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I’ve envied people who knew (as children) what they wanted to be when they grew up—and then became exactly that. I envied their clarity and confidence, because my own sense of calling hasn’t always seemed so clear.
Do you ever feel more like the latter, too? These days, discerning our callings can feel more difficult than ever.
Why is that?
Well, in general, we as women now have an unprecedented assortment of career, ministry, and life options. This isn’t a bad thing, but it does mean there is more competition for our clarity—and more potential for confusion.
Plus, social media and blogging have made it possible to access (and absorb) pieces of advice from our favorite ministries, celebrities, mommy-bloggers, CEOs, Bible study authors, and…you get the idea.
So not only do we have advisors in our actual communities, but our virtual ones as well. This abundance can leave us feeling overwhelmed, especially when we read, hear, or receive conflicting advice.
It’s exciting that God does give us opportunities to yield to Him and be conduits of godly advice. However, Scripture’s also clear that wise counsel can prosper us—but that not everyone with an opinion will have a wise opinion.
For example, in Genesis it was the seemingly barren Sarah’s advice to her husband, Abraham, that he should commit adultery with another woman—in order to produce the son that God promised the couple.
This is where discernment comes in.
To help you weed out the wisdom from the folly, here are seven questions to ask when someone gives his or her input about your calling:
1. Is his or her advice in agreement with the Bible and the wisdom it provides?
To understand if a person’s advice matches God’s heart, it helps to know how his or her words measure up to His Word.This doesn’t mean you have to memorize the entire Bible before you’re “allowed” to seek counsel from a parent, friend, mentor, or pastor.
But I would encourage you to take his or her advice, grab your Bible, and test their input against Scripture before you act on it. Good counsel isn’t necessarily godly counsel, and the Bible can help you know which is the case.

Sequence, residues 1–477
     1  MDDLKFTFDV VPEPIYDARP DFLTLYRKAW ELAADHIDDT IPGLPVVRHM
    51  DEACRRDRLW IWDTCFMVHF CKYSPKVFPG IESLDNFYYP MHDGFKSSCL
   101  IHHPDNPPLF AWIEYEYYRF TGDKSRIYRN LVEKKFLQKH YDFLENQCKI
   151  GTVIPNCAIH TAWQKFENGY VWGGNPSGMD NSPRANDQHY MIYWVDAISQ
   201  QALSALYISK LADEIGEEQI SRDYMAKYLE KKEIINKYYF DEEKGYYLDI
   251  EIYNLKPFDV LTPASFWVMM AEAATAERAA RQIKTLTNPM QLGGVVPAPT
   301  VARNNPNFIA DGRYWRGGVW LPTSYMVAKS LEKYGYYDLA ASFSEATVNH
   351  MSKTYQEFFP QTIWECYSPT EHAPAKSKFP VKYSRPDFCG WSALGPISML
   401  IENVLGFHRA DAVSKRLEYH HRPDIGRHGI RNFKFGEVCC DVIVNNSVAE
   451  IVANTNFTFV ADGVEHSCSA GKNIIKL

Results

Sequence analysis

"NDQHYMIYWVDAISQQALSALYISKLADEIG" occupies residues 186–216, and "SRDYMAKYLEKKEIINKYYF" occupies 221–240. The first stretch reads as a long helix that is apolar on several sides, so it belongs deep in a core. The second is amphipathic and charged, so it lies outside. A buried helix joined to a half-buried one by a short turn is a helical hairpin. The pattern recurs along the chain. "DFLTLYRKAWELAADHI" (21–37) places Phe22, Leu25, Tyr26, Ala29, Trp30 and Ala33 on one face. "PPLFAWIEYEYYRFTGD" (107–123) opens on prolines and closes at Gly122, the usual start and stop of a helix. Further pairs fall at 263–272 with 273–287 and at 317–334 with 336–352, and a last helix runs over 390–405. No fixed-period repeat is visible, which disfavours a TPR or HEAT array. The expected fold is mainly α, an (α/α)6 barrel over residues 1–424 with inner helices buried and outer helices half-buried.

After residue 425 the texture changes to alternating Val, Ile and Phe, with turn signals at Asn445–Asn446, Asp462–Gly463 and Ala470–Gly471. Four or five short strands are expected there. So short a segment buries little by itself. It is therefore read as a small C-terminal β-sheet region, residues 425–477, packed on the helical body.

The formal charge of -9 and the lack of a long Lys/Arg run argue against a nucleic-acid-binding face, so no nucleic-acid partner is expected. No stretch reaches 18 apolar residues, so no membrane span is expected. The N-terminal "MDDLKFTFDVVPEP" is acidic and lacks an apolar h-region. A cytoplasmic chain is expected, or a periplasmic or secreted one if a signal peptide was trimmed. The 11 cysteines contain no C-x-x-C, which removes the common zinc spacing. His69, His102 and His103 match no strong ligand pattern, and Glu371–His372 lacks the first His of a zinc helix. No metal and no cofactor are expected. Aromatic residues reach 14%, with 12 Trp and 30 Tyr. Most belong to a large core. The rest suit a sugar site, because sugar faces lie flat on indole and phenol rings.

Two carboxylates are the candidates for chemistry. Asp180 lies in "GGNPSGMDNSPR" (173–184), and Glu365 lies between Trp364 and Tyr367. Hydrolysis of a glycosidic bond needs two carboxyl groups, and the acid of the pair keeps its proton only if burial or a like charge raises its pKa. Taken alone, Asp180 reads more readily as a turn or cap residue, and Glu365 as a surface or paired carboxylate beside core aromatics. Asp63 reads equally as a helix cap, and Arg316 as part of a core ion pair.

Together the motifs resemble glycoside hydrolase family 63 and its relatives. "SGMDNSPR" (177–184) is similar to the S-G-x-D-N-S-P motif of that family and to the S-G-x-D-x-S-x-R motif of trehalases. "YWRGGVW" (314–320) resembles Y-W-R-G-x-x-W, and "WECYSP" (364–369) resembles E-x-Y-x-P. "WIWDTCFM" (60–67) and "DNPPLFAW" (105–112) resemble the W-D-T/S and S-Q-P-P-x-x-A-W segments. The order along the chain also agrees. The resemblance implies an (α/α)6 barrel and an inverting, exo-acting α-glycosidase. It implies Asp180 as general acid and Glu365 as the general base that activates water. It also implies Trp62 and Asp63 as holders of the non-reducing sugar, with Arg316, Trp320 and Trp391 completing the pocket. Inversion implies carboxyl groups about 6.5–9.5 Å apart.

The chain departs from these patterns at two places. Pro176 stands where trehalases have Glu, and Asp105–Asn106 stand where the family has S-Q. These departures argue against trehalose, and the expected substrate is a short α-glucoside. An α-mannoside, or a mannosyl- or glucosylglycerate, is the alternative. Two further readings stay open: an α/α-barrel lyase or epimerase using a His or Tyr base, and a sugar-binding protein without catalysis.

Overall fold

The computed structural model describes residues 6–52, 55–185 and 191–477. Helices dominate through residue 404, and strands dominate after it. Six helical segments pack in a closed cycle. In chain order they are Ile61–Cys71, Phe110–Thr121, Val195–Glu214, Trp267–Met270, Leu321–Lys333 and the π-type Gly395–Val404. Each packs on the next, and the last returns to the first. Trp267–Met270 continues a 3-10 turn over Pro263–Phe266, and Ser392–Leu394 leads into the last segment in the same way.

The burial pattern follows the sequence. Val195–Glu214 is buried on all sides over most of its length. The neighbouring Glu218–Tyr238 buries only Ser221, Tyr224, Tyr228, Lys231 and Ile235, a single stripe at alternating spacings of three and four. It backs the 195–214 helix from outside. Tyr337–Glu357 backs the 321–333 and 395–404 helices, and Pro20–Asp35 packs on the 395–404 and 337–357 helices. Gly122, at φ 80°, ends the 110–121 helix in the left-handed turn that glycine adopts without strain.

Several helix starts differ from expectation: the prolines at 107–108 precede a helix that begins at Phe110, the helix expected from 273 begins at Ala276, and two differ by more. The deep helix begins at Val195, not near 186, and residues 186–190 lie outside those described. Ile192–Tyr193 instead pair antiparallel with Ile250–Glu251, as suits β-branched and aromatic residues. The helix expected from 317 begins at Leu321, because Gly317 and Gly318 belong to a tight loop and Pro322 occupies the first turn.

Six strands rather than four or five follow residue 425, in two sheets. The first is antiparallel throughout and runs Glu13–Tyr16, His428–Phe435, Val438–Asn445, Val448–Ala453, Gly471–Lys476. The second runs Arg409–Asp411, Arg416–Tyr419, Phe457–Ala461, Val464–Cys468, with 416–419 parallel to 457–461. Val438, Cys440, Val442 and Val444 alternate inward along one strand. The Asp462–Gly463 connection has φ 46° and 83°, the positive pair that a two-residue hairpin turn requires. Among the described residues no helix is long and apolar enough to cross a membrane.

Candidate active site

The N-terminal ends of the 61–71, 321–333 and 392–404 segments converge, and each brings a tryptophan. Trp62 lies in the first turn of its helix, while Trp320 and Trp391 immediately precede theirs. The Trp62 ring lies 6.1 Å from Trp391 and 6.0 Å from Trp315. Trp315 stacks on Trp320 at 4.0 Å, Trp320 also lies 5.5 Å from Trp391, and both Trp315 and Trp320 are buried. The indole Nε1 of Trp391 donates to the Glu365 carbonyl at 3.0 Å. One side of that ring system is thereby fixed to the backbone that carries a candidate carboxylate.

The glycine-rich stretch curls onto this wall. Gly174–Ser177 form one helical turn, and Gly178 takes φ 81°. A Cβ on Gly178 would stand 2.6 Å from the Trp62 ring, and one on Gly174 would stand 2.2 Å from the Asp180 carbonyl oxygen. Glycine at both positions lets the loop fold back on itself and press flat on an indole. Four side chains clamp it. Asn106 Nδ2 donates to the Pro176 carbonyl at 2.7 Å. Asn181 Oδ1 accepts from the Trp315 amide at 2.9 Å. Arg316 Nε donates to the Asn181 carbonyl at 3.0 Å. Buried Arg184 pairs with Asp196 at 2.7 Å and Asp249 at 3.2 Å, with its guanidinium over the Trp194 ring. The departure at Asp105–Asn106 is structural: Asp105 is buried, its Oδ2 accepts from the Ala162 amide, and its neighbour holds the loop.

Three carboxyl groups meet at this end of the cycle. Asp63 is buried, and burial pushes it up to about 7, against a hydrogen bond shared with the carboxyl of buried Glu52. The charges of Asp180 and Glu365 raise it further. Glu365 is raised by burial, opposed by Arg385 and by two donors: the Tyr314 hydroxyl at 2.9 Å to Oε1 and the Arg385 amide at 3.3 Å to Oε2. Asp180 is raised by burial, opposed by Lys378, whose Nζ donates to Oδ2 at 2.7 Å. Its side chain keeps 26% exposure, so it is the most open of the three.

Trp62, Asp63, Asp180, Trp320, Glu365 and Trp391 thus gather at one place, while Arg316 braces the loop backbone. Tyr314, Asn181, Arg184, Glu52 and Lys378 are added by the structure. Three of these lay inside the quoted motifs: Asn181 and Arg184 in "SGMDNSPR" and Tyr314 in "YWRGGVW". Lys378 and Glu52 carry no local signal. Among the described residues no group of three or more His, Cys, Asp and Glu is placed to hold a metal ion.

2. Does the advice match your own discernment of the Holy Spirit’s leading?
I’ve known—and currently have—some great, godly role models…and yet no matter how great they are, the fact remains that they’re still human. I’ve learned—through a few bouts of idolatry—that wise counsel is still no reason to quench the Holy Spirit.
In other words, the presence of good counsel isn’t a reason to take a leave of absence from personally seeking to hear God. Continue to cultivate sensitivity to His voice, and if a piece of advice contradicts the Holy Spirit’s leading, skip the person’s tip.
3. Is what they’re suggesting even legal?
Sometimes people mean well, but they’re misinformed. For (melodramatic) example, if your mentor agrees that your calling is to be a doctor, but recommends that you just skip medical school and start making house calls…yeah, that’s a fast track to Lawsuit City!
(The point here is to do your homework.)
4. Have they taken the time to listen to you?
Proverbs 18:13 says, “To answer before listening—that is folly and shame.” One way to know whom to listen to about your calling is if she or he has taken the time to listen. I’ve observed and experienced times where a good-intentioned mentor, family member, or ministry leader has been quick to issue “canned” advice.